There have been recent violent protests about raising the retirement age in France from 62 to 64, and some time ago we shared the phenomenon on the other end of the spectrum, the F.I.R.E. movement that looks to enable retirement in your 30s or 40s. But both the protests and F.I.R.E. should be provoking the same question for any Gent: what do I think retirement looks like? And is that still valid?
Retirement Is a Modern Invention
For the majority of human existence, there hasn’t been any such thing as “retirement.” There was “getting old” and “moving in with the kids,” but it’s a fairly new idea to work until a certain arbitrary age while simultaneously setting aside a pile of money which you hope doesn’t disappear in a financial shock, then stopping work to live off that pile of money until death. Indeed, some of the protestors questioned in France talked about the importance of “not waiting to enjoy life” as part of why they were fighting the reforms to the pension law.
But you should be able to spot a couple problems with these ideas:
- You don’t actually enjoy what you do. Who’s ever heard of stopping something you love just because you hit a certain age? When you enjoy what you do, time is never an issue, whether that’s hours in the day or number of birthdays hit.
- You have to wait until retirement to “enjoy your life.” This assumes, first of all, that you will be alive and healthy at whatever age you plan to retire at, when we know that life doesn’t check with us about our plans. It also assumes that prior to retirement, you are not yet “enjoying life” but simply “preparing to enjoy life.” Not exactly a thrilling motivator.
Recent Market Shocks and Antifragility
The mathematical backing for the “Retire at X Age” school of thought is also not solid. Anyone who can look back at the last 36 months can tell you that we’ve had a number of shocks. While a younger Gent might (understandably) say to himself that he’s got plenty of years for the market to “correct” and gain back the current “losses” in his portfolio, what does an older Gent do? Just accept the losses and retire as planned anyway? Or defer retirement until such time as the calculations make sense again, which could be another decade or more?
We should have learned many things from the last 36 months, not least of which was that many of our assumptions about our world, our country, our communities, and even our neighbors, were wrong. That means we should adjust our current and future plans accordingly. And it means accepting “antifragile” thinking, knowing that shocks can and will come regularly, and planning for them, not hoping they will never come. Only a fool assumes that market conditions will be “as planned” on the day he decides to retire.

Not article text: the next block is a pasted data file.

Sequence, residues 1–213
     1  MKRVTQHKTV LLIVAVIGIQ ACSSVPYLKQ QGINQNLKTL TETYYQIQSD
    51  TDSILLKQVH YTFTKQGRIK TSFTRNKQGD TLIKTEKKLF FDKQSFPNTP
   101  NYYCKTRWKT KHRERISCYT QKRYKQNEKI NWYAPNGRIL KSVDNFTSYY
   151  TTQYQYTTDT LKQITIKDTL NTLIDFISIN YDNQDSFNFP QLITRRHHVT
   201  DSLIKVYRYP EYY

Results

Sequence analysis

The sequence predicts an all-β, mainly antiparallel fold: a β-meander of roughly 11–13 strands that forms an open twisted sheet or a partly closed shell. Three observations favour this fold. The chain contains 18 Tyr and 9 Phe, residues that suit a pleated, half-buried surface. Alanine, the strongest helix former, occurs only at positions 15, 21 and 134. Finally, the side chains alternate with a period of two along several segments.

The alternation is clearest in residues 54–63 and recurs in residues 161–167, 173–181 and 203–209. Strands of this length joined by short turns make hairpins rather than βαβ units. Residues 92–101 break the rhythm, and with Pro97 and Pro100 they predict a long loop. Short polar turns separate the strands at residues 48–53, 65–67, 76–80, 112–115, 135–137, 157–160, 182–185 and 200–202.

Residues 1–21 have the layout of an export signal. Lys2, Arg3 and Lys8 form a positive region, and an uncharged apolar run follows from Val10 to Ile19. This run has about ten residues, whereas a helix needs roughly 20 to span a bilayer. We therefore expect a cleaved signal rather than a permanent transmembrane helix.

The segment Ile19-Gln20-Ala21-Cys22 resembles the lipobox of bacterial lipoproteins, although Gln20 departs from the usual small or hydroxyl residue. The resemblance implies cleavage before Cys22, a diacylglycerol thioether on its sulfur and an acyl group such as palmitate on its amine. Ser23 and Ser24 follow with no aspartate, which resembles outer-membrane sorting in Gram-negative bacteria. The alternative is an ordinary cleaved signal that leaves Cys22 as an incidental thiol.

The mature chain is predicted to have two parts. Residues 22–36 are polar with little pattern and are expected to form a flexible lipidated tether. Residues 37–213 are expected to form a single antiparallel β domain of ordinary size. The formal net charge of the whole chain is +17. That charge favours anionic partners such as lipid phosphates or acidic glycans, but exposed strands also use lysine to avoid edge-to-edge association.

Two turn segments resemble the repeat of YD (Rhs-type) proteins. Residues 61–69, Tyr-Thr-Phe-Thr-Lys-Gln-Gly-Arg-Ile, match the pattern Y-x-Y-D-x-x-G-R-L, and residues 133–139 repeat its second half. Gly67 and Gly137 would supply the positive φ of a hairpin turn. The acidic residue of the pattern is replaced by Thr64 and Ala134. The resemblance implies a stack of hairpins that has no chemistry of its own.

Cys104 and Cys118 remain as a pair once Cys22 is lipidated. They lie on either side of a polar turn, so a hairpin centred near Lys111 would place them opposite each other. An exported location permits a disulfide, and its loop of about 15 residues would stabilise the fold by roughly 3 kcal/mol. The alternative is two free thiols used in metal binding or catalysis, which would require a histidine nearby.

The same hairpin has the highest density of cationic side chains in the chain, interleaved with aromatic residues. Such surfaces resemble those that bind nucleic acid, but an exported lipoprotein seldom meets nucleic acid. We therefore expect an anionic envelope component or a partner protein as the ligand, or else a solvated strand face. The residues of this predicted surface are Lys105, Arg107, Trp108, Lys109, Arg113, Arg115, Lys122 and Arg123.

Remote work has given many the chance to spend time with family that they’ve never had before, and they’ve decided that they’re never going “back to normal.” They’ve found a new, better, balanced normal that has reframed work as simply part of life, not the main goal of it. That new normal has also started to reshape ideas about retirement.
So how can we rethink retirement? Firstly, by rethinking work. Is work a drudgery that you struggle to get through, counting the days until the weekend, when you get to “enjoy your life”? Or is it something you enjoy and care about, and that fits into your life just as your family, friends, and interests do? Is it something that can adjust and scale back as you get older instead of something that you simply stop cold turkey on X date?
The second way we can rethink retirement is by pushing back against the “big pile of money” narrative. There are really not many things necessary to live decently in your older years. The media won’t let you believe that, because that wouldn’t allow them to run scare stories about how you won’t have enough. But sit down with those you love and look at what really matters. If endless cruising and travel are what you’ve got planned, yes, you’re going to need boatloads of money for that. But if time with family and friends and enjoying the routines of daily life without the same expectations of work from when you were younger is what you find attractive, there are many options available to you, whether that might mean taking to the road for portions of the year to see the country, or moving in with family, as has been a transhistorical, cross-cultural way of life for most of mankind’s existence.
Make your retirement yours, not what everyone else says it should be.